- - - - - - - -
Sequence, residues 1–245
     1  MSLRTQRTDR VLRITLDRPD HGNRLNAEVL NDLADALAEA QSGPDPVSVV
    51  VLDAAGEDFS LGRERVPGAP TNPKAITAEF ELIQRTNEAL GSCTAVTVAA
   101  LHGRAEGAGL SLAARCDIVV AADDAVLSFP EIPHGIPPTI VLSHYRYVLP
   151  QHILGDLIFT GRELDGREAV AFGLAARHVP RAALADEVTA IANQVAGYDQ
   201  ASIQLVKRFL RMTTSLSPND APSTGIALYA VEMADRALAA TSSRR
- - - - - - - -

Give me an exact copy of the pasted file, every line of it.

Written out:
Sequence, residues 1–245
     1  MSLRTQRTDR VLRITLDRPD HGNRLNAEVL NDLADALAEA QSGPDPVSVV
    51  VLDAAGEDFS LGRERVPGAP TNPKAITAEF ELIQRTNEAL GSCTAVTVAA
   101  LHGRAEGAGL SLAARCDIVV AADDAVLSFP EIPHGIPPTI VLSHYRYVLP
   151  QHILGDLIFT GRELDGREAV AFGLAARHVP RAALADEVTA IANQVAGYDQ
   201  ASIQLVKRFL RMTTSLSPND APSTGIALYA VEMADRALAA TSSRR